Small printers are designed to make additive manufacturing more accessible and ideal for research, prototyping, and small replacement parts.

Rob Spiegel

October 21, 2020

4 Min Read
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Metal additive manufacturing has seen many trends over recent years. The technology is pushing the (build) envelope and deposition rate to higher levels, broadening the choice of materials, which is opening new markets. One notable trend is the number of product launches for low-cost desktop printers. While the concept is intriguing, it may be some time before small printers prove their market worthiness.

The overall 3D printer industry is forecast to have a fall resulting from COVID-19. Once that’s resolved, the market is expected to rise significantly. IDTechEx reported on the market in its technical market report: Metal Additive Manufacturing 2020-2030.

The report offers a number of insights. The 3D printing for the hobbyist market is popular, but it’s not where the value lies. The research shows that most of the market value is in industrial applications. Metal additive manufacturing currently services high-value industries. Most of the printers sold are powder bed fusion and can cost over $1 million. Add to that the expensive powder feedstocks.

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Small Printers Open New Markets

One recent trend detailed in the report is the release of desktop-sized affordable metal printers. These are not systems costing around $500 to $1 million of the first wave of metal printers. They tend to run $100k or below. These small printers are designed to make this technology more accessible. The manufacturers are targeting research, prototyping, and small replacement parts.

Related:3D Printing Rallies During COVID-19

The high price-tag for current metal printers has kept it in the realms of high-value industries such as aerospace, defense, and medical. Recently these powder bed fusion processes have gained some traction in sectors, such as energy, but we’re still waiting to see economically viable use-cases.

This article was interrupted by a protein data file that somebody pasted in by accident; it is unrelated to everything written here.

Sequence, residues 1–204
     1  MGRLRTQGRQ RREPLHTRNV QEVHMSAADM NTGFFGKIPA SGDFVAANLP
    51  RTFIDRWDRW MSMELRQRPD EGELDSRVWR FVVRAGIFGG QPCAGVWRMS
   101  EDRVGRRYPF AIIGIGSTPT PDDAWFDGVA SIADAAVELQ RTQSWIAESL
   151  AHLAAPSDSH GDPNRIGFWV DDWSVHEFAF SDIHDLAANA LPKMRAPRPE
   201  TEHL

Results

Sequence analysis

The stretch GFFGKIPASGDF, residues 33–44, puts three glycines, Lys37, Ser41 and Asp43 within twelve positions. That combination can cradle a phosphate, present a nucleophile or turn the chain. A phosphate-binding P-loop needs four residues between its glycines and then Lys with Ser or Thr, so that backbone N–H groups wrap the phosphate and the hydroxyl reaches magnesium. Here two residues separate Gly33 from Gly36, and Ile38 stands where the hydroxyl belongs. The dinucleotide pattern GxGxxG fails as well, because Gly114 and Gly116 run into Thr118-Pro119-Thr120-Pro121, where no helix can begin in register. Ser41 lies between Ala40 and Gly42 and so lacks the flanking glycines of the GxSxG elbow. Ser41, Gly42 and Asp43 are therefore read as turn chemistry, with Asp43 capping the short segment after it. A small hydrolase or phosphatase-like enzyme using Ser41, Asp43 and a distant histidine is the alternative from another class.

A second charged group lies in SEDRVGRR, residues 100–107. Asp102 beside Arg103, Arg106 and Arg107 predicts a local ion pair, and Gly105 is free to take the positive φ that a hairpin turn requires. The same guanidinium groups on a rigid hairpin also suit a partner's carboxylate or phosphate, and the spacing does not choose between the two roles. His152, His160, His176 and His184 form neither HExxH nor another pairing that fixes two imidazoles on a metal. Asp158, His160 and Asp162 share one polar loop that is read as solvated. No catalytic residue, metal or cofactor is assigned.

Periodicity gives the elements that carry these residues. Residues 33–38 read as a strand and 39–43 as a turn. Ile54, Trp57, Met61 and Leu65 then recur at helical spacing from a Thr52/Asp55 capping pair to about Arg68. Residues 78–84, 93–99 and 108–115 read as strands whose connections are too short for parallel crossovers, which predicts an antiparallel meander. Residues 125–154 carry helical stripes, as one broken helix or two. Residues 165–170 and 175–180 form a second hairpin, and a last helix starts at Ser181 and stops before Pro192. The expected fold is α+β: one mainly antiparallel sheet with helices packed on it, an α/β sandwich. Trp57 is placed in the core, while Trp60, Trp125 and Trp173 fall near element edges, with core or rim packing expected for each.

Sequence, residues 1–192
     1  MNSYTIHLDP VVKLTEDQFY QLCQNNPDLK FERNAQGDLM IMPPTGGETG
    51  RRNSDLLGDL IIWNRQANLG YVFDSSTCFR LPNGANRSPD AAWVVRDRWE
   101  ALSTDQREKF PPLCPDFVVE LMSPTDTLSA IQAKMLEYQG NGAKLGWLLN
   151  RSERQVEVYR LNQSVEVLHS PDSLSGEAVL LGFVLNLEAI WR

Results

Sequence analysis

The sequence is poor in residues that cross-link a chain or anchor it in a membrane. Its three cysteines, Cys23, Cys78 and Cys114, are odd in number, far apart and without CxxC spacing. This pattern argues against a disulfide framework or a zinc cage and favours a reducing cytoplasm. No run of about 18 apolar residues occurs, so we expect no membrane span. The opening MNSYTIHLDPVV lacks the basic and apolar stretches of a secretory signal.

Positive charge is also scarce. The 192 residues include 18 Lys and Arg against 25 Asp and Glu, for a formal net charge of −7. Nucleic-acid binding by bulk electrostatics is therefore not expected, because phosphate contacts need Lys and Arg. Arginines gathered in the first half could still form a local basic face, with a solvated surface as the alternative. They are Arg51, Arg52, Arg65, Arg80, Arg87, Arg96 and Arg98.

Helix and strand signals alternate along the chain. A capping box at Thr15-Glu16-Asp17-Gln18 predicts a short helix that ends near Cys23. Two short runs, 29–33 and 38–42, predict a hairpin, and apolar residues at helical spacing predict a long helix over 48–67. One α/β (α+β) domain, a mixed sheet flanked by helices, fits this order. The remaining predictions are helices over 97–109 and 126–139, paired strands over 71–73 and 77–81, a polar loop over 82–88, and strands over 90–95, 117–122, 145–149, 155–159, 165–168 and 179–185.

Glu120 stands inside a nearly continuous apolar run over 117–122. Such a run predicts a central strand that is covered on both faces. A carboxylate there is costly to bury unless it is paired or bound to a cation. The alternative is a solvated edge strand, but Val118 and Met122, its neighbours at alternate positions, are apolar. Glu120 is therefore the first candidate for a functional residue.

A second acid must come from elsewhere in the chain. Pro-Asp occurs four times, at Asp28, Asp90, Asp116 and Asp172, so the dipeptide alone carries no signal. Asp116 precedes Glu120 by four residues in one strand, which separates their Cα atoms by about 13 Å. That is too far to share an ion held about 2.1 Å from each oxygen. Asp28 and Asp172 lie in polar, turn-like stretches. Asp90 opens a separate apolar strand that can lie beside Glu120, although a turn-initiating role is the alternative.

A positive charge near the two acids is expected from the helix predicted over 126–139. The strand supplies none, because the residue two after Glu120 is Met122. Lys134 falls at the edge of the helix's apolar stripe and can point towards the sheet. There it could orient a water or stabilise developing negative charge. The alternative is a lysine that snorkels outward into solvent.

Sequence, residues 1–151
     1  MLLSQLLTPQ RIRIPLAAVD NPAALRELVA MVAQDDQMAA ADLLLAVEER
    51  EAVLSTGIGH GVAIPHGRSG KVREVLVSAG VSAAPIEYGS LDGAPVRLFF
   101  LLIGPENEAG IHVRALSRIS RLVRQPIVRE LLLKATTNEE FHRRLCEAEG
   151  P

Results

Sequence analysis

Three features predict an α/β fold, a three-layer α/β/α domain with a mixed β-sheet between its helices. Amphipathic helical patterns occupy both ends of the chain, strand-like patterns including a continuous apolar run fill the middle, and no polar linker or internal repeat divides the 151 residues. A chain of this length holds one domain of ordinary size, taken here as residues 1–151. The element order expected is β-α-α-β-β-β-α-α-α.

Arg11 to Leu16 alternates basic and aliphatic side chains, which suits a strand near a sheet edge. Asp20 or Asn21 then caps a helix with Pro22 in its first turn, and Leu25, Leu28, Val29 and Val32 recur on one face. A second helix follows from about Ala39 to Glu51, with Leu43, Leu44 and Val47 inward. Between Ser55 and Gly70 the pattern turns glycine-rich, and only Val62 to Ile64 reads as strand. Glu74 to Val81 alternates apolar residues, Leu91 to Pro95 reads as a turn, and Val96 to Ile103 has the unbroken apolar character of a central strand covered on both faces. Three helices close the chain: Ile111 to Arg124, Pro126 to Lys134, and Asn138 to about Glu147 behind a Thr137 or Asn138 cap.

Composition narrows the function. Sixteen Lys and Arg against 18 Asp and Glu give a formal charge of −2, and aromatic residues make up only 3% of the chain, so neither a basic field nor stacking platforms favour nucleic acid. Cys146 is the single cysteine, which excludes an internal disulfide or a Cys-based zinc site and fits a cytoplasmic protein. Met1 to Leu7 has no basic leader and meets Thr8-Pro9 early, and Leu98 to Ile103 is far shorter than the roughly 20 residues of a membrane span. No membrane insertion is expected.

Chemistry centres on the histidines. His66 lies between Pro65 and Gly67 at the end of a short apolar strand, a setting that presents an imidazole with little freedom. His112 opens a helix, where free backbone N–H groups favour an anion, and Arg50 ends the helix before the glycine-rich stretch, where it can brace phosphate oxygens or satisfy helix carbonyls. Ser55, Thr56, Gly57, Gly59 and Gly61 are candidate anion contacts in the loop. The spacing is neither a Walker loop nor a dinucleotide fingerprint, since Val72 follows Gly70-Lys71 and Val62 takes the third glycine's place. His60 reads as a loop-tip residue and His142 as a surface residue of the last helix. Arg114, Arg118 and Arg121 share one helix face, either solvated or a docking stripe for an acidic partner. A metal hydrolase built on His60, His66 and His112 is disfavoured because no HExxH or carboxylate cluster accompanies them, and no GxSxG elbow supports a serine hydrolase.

As 3D printer makers create affordable desktop models, it is prompting interest. “The demand varies widely depending on the material and sector,” Richard Collins, principal technology analyst at IDTechEx, told Design News. “There is, of course, demand for cheaper variants of additive manufacturing, but most of the variants are pushing into new areas and looking to generate demand.” Specifically, that includes R&D and the spare parts market.

New Small Machines Entering the Market

The IDTechEx reports point to numerous players entering this field with different processes. The bound metal approaches of Markforged and Desktop Metal grab most of the headlines, although there are others extruding pellets (rather than filaments) and Rapidia with a water-bound approach. Beyond that, there are players like One Click Metal (a TRUMPF spin-off) making low-cost powder bed fusion machines and Meltio and InssTek making directed energy deposition units that utilize wire and powder feedstocks, respectively. Some companies are producing only these low-cost printers. Others offer them as a secondary project.